Actually, here, this might explain it better. The finished form is going to need to be shaped like this. There's a top in the bottom that allow for a quarter-inch of material between them to be shaped. The little templates that I made so far are essentially a third of the total form. The next step was to trace the shape out three times end to end to make the complete shape that I needed. Now, this is where I ran into my first problem. I'm going to be using a template router to make the shape, and I realized here that I wasn't going to be able to make a smooth transition along the curve.
The easiest solution that I could come up with in that moment was to make a copy of my template because if I have two of them, I can fully support the curves as I route. I quickly cut out another chunk of MDF and made a duplicate of my template by tracing it out, jigsaw proud of the line, and then template routing it. While I was doing that, I realized that I've been watching a lot of these videos but have never subscribed. I paused the video, hit the subscribe button, and made sure to click the notification bell as well.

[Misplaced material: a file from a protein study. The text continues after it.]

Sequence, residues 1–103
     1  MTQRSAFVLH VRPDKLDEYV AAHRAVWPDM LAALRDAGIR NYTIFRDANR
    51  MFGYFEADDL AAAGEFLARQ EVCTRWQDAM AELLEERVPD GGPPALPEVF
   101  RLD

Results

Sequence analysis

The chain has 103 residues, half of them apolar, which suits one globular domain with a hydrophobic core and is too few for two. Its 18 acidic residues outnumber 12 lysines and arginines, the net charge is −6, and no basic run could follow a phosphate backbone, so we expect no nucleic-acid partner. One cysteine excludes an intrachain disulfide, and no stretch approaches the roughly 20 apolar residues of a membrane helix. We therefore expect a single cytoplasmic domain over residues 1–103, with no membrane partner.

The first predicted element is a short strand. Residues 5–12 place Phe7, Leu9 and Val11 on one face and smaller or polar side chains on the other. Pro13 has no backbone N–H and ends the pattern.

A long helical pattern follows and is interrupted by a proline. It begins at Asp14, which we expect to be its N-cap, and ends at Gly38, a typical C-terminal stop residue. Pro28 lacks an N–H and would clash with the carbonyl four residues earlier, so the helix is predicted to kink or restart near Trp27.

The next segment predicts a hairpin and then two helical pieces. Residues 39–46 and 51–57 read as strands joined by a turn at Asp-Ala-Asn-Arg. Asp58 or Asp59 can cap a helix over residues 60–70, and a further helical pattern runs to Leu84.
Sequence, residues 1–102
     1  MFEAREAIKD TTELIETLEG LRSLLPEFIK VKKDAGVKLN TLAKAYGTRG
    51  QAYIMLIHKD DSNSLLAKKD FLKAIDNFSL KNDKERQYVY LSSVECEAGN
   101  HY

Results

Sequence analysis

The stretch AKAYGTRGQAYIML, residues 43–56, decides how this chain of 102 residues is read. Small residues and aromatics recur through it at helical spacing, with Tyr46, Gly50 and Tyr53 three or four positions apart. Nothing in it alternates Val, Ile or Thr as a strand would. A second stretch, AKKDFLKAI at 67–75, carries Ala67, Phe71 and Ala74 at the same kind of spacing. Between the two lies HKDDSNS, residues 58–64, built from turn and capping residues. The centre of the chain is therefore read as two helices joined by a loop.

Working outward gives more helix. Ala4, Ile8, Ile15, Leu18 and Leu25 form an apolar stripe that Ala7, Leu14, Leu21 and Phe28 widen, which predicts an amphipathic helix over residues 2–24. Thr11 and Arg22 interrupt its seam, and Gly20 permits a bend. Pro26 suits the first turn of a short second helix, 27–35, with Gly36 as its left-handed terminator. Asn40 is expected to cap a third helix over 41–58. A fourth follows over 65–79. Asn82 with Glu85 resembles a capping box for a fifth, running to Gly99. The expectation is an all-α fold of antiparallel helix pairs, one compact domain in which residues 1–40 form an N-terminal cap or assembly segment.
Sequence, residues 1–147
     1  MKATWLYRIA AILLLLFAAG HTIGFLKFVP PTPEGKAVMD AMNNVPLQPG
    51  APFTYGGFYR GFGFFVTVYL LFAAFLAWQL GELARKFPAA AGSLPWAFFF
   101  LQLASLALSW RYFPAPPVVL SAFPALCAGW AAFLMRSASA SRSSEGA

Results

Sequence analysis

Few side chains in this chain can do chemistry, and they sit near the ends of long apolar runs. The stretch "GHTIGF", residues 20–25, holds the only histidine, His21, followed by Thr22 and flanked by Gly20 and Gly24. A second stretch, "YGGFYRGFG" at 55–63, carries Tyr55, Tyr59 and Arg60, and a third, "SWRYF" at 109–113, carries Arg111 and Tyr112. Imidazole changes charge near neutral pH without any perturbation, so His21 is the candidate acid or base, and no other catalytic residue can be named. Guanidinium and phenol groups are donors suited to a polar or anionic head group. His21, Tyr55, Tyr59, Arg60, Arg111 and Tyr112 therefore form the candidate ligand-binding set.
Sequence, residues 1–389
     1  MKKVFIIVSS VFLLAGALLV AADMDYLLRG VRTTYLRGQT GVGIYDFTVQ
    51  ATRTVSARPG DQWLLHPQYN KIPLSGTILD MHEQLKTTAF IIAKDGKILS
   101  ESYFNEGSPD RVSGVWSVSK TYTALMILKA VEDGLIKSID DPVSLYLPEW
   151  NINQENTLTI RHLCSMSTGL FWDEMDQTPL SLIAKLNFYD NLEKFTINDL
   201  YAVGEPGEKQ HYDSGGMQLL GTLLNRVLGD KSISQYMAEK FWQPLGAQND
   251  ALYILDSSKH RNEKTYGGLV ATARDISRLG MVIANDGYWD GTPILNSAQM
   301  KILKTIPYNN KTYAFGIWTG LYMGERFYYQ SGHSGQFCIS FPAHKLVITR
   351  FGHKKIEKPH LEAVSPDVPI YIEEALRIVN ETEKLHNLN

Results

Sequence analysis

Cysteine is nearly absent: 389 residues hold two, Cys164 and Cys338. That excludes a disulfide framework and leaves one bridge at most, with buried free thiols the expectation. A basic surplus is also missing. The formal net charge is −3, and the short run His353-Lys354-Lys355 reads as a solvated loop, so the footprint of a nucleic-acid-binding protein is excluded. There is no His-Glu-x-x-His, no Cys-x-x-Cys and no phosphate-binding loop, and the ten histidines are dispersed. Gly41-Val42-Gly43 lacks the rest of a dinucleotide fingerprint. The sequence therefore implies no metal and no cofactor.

That way, I'd get messages whenever I put up a new video, then I could get back to it. At this point, I was pretty confident that I had what I needed to proceed. I started roughing out the MDF chunks that are going to become the form, first by cross-cutting them to length, and then by using my table saw to rip them to width. Now as you'll remember, a few steps back, I traced out my entire shape. Here I'm using my jigsaw to cut right down the center of that line, which is going to give me the rough shape for my first top and bottom pieces of the form.